This soup has a peanut sauce undertone which is quite good.
I got this recipe from a friend at work after she brought it to a pot-luck lunch. I like it warm or cold.
From a friend: "Here's an original that I made a few months ago. Definitely takes some planning ahead for all the soaking that you have to do but well worth it. It's filling and fun to try out whole wheat - something that I don't think I'd had before. Don't forget - salt well only after it's fully tender. There's something with salt which prevents beans from every getting soft."
After the CBC team followed Ryan and me on a dumpster run, I was contacted by another dumpster diver who wanted to ask a few questions and we ended up swapping some recipes. When you end up with a bumper crop of bananas, you need some creative ways to use them all because you can only eat so much banana bread! This recipe came from her.
This one was a favorite for a while and we served it to many guests. I think it originated in the More WIth Less Cookbook.
It's not as good as the fresh salsa, but it does last longer which can be helpful if you have a lot of tomatoes to use and want to save some jars for the future. I believe this one originated with the "More With Less" cookbook.
For Christmas 1994 Jonathan gave Elbert a gift he really enjoyed. It was a bag of potting soil, 12 pots, and a note telling him that each month he would receive some seeds. As a bonus, he got some for that month as well. They were for “hot peppers”. Those hot peppers were his most treasured plants. They were started in the house, then transplanted and kept on the deck for the summer. Elbert watched them closely, then harvested the 14 peppers that were produced. In the late fall, he and Gwen chopped them up for a triple recipe of this salsa.
Our neighbor lady on Riverton made this a lot in the fall. It smelled so good as the smell wafted over (through) the chain link fence on those cool late summer evenings..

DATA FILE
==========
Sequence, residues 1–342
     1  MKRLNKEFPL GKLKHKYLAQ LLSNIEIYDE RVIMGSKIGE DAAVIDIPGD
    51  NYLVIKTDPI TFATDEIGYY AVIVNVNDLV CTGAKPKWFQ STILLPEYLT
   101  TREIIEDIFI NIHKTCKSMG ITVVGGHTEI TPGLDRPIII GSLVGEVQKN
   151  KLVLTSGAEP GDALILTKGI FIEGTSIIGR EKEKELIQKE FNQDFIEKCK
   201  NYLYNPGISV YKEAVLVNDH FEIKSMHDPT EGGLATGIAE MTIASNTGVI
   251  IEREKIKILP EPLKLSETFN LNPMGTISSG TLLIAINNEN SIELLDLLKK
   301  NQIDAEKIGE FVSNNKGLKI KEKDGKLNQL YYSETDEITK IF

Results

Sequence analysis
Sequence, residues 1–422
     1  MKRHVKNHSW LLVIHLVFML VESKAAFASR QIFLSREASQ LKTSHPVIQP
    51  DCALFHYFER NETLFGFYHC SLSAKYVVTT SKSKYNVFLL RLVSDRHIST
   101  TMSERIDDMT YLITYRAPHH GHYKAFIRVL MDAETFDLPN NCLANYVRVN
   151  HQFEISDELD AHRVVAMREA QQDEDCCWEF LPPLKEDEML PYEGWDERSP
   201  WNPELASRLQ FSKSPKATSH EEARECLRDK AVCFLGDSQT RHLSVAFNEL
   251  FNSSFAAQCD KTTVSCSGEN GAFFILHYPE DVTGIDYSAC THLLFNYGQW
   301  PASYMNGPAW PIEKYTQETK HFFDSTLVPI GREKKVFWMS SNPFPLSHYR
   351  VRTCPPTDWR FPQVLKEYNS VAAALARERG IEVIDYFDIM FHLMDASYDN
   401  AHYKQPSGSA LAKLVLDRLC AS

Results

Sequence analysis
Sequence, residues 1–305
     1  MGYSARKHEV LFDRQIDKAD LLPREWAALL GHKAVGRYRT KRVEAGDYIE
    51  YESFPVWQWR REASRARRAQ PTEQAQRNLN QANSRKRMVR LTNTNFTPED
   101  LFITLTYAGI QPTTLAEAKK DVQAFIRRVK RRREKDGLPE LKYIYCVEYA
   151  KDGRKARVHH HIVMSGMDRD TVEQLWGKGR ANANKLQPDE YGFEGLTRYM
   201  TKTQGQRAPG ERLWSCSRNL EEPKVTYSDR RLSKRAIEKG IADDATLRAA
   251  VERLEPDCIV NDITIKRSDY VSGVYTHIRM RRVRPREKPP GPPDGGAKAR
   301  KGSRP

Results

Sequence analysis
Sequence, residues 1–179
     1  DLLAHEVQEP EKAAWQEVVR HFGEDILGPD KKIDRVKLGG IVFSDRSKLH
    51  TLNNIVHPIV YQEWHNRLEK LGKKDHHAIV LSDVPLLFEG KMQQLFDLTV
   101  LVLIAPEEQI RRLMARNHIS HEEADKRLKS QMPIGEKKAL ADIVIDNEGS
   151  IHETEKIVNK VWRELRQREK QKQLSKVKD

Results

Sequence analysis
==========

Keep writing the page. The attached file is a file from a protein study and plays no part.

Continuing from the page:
The chef at the New Orleans School of Cooking said there are two trinities. The Divine one we knew, and the other, he said, gives a divine flavour and is found in many of the world’s favourite dishes. It is a combination of onion, celery, and sweet pepper. Add tomato and oregano and it is Italian. Add chili and tomato for Spanish or Mexican. Add curry for Indian. Add cream for French. By making a blender puree of those four vegetables, and then canning it, I use up a lot of end-of-the-season garden produce and have a head start on many sauces. The kids don’t pick out the chunks.
Arlo has enjoyed some cooking experience in Home Ec. at school. He made this for us for supper once.
Mom and I love main dishes loaded with lots of vegetables. We served this for supper when Dawn, Rachel, Jon, and Erika visited our house in celebration of Gert’s birthday.
We had this at a Ladies Rally in Emo, Ontario in June, 1981. It is a fun meal to serve, good to serve after you've just done a major grocery shopping since there are quite a few ingredients.
I don't know how many this serves, but would guess at least a dozen. When this is served the ingredients are served in order. Begin with the rice, then the chicken and gravy, followed by the remaining ingredients in the order given.
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